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Presbyopia Appearing at Younger Ages

Posted by Matthew Wilkening, O.D. on Jun 10, 2017 9:04:00 AM

Getting older is something most of us don’t want to address. Not only does your body begin to slowly betray you, but often times, other things start to go as well – like your eye sight. New research has suggested that in addition to age-related presbyopia, an eye problem that makes it difficult to see things up close, the condition might be spurred on faster by an object you use every day – your smartphone. 

What Is Presbyopia?

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As we get older, things tend to break down – your eyes included. Presbyopia, until very recently, was typically a condition we saw in patients at a more advanced age. The lens of your eye is elastic, enabling it to change shape very quickly so that you can focus on things different distances away. As we get older, starting around our mid-40s, this elasticity reduces. The more rigid your lens is, the more difficult it is to focus up close, resulting in presbyopia. While this used to be a condition we associated with aging, there seems to be a connection now between presbyopia and the use of handheld electronics such as tablets and smart phones. As a result we’re seeing presbyopia developing in patients at younger ages. 

Put the Phone Down!

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If you work in an office, chances are you’ve been told it’s essential to take breaks from the computer screen over the course of your day. It’s no secret that staring at your monitor for hours on end can lead to serious eye strain as well as headaches. Most researchers found that taking a break anywhere from 10-15 minutes per hour yields the best results for your eyes. As it turns out, that tiny screen in your hand isn’t much different. In fact, research has found that people are often spending more hours per day now looking at their phone screens than their computer screens, and that staring at a smart phone for too long can have the same repercussions for your eyes that your computer screen does, including the early onset of presbyopia. Where the majority of presbyopia cases used to be found in people more than 40 years old, some doctors are reporting a recent surge in cases found in 20 to 30 year olds.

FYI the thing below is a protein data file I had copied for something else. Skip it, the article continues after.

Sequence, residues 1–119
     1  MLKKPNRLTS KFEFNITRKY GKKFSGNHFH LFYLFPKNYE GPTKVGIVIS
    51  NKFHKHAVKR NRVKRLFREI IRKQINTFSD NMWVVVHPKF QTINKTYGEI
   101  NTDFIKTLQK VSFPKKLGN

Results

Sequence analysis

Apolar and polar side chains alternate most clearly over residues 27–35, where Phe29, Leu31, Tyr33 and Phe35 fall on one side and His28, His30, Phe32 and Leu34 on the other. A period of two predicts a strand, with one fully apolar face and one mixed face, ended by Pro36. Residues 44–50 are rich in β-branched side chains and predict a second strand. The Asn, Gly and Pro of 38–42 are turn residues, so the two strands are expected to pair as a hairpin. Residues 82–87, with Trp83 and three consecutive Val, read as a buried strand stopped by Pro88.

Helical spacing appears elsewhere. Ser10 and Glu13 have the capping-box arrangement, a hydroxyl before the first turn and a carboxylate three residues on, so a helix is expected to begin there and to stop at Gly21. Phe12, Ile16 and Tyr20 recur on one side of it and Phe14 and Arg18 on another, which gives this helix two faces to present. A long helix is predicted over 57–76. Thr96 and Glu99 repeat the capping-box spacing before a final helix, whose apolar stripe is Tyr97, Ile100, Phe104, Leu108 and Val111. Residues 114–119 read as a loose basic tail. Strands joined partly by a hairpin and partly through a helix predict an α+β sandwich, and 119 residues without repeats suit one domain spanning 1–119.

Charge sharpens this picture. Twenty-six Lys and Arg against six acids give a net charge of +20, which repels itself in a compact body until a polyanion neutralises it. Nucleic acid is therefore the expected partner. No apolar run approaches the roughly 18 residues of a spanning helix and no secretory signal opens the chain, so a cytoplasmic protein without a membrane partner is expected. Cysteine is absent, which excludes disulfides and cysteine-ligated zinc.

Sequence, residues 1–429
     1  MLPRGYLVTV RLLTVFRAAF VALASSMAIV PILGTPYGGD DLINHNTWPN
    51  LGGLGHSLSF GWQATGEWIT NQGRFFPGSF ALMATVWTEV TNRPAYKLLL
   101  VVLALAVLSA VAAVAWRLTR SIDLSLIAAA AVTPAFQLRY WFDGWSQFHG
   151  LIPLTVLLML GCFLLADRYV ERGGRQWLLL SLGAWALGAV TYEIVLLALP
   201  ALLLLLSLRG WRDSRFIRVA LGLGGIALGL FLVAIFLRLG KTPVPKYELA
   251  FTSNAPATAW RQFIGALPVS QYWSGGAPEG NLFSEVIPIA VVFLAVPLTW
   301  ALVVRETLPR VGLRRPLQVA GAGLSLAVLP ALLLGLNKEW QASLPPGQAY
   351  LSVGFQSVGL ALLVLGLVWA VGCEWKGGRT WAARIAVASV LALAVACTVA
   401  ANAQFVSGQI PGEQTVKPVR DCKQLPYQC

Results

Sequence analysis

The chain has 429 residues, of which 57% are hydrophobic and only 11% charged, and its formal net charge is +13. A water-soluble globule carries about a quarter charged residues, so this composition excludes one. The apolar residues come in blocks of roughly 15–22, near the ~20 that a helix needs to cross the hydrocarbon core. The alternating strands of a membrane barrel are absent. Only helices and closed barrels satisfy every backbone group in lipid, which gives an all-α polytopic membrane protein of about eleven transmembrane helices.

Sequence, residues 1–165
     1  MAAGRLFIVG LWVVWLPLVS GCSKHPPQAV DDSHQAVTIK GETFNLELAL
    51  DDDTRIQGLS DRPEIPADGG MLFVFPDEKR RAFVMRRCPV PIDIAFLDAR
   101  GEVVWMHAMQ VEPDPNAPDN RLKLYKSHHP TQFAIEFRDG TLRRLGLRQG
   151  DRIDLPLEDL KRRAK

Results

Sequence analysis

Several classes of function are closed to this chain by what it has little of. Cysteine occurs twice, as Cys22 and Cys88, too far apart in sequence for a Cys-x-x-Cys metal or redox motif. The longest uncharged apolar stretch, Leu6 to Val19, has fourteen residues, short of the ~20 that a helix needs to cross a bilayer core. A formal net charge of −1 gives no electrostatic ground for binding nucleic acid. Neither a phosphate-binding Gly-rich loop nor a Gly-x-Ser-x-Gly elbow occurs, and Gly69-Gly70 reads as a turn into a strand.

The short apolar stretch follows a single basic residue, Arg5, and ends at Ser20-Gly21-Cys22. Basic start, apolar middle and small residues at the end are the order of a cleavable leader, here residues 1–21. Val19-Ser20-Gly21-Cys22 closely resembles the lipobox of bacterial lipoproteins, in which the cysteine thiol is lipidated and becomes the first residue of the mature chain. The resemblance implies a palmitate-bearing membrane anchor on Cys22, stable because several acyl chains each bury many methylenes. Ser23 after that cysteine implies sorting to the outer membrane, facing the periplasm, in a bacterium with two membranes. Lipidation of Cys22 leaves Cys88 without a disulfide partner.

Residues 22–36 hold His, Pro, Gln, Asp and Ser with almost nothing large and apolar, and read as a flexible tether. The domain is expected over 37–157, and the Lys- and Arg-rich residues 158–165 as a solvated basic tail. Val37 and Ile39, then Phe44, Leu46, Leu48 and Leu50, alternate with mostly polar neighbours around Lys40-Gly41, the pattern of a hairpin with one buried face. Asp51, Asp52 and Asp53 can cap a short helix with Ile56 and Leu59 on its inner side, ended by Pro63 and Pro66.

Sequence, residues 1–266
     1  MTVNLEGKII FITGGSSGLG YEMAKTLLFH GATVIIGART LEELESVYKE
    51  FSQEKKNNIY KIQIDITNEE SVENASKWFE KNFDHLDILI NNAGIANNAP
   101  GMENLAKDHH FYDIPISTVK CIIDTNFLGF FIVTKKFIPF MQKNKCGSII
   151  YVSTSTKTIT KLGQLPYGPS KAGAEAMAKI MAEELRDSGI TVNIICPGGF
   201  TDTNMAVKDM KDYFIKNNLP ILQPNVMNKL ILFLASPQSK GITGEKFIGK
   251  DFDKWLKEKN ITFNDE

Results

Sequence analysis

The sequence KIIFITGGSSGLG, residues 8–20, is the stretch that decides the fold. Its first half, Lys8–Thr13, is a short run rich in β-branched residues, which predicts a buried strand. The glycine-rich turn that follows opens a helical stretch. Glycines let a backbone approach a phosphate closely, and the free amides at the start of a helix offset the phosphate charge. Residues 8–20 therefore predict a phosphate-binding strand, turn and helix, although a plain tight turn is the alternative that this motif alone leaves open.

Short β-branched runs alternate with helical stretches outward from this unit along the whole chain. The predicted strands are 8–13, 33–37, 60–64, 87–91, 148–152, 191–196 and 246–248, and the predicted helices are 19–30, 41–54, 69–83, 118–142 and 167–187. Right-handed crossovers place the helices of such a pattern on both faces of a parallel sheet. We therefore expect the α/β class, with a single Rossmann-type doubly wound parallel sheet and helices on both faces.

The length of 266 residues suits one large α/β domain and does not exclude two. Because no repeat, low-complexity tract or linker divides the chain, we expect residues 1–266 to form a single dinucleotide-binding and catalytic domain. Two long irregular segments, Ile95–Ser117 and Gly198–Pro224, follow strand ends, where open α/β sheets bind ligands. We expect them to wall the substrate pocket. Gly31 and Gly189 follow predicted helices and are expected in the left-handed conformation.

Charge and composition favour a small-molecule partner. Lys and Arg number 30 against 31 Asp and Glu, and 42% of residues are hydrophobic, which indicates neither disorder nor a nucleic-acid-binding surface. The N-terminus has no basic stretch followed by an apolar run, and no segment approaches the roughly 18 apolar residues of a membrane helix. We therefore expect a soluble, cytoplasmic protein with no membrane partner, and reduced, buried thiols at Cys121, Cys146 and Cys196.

How to Prevent – or Treat – Presbyopia 

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While there isn’t much you can do to prevent age-related presbyopia, there are some things you might be able to do to prevent the early onset of it. Most importantly, take a break from your phone (or any other handheld electronic device) to rest your eyes.

Knowing the early warning signs can help you postpone the condition. Notify your doctor if you’re experiencing: 

  • Trouble focusing on reading material at an arm’s length away
  • Trouble reading small print
  • Trouble making out things in front of you 

Your doctor might recommend eye exercises, or switching to a different kind of screen. If you already have presbyopia, the problem can largely be controlled by bifocal contacts or glasses.

 

 Wilkening_Matthew.pngDr. Matthew Wilkening is an optometrist at Kelsey-Seybold’s Meyerland Plaza Clinic. He’s accepting new patients and welcomes the opportunity to help patients maintain or improve their vision. He’s a certified Therapeutic Optometrist and Optometric Glaucoma Specialist.

 

 

Topics: eye condition, presbyopia

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